The 100 year Mandela project will also open an Orange Court with the help of sponsors, how do you think such a court can make a big difference?
The Hillbrow Orange Court has shown that it can make a big difference for 240 young orphans living in a challenging environment. The court signifies a safe place for children to play and express their passion and talents. In 2014 we opened a court in Stellenbosch which lead to the University opening its gates for children from the townships to play next to the university. These Courts, once put down in the right context, become a driver for change. I think Mr. Mandela would have immediately agreed to this.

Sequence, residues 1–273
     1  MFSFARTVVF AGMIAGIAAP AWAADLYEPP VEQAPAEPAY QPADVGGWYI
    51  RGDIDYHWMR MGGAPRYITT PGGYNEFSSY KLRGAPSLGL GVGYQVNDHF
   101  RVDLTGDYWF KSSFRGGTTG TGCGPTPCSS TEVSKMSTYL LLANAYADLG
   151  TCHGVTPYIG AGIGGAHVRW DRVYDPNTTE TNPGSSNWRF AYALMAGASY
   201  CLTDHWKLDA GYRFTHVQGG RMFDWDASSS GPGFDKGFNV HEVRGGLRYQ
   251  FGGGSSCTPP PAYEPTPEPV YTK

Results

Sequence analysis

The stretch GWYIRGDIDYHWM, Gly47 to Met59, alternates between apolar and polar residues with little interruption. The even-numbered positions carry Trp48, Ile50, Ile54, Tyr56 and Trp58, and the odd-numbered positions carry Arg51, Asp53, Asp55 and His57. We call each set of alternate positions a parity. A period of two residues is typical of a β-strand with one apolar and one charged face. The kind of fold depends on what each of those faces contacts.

Why do you think it is so important that legendary soccer players like Pierre van Hooijdonk participate in football programmes like the one organised during the Volvo Ocean Race (Cape Town Stopover)?
It’s not just the Dutch legends who will shine in the programme, local (South) African legends like Kalusha Bwalya will also make appearances. Children need good role models who can inspire them and tell them that anything is possible if you are willing to put in the hard work and make the necessary sacrifices in order to achieve their goals. Big players like Pierre van Hooijdonk went through this process when they were younger and it is good that they are willing to pass on their experience and wisdom to young players who have chances that they might not even know yet.
Can you share a personal story/ anecdote from a past WorldCoach and how this has impacted various communities where implemented?